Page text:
The cavity of a supercavitating vehicle in water is maintained by the steady injection of gas from sources within the vehicle and cavity. An analysis is made in this paper to estimate the spectrum of the acoustic 'self-noise' produced at the nose of the vehicle by the unsteady impingement of the gas on the cavity interface. For the purposes of calculation it is assumed that the supercavity is circular cylindrical and is formed to the rear of a hemispherical cavitator. This arrangement closely approximates a supercavity being investigated experimentally at the Penn State Applied Research Laboratory. A 'transfer function' is derived for this configuration that relates the self-noise pressure at the nose to the pressure distribution on the cavity wall attributable to the impinging gas. It is applicable also to any geometrically similar supercavity maintained by gas injection, provided that the distribution on the interface of the surface pressure spectrum of fluctuations produced by the impinging gas is known. Numerical results are given using experimental data for the cavity wall surface pressure produced by a narrow, impinging air jet and when the nose is acoustically hard, but the method is easily modified to deal with more general impedance conditions on the cavitator.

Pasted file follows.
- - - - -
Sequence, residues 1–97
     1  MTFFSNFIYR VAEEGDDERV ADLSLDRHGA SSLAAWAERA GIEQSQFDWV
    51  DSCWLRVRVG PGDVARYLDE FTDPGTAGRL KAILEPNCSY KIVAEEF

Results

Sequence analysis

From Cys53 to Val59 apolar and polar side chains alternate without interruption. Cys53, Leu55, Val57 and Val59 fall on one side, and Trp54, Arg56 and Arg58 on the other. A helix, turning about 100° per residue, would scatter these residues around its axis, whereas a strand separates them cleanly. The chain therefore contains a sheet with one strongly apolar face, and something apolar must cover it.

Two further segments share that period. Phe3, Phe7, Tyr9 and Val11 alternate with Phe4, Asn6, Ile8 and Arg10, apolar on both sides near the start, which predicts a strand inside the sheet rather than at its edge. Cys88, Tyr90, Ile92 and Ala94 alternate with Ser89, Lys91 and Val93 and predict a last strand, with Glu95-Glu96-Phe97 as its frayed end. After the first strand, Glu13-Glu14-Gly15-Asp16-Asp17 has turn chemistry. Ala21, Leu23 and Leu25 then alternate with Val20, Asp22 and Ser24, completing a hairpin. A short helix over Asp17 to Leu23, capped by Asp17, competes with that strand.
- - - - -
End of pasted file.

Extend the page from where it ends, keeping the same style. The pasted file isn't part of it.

All Science Journal Classification (ASJC) codes
- Condensed Matter Physics
- Mechanics of Materials
- Acoustics and Ultrasonics
- Mechanical Engineering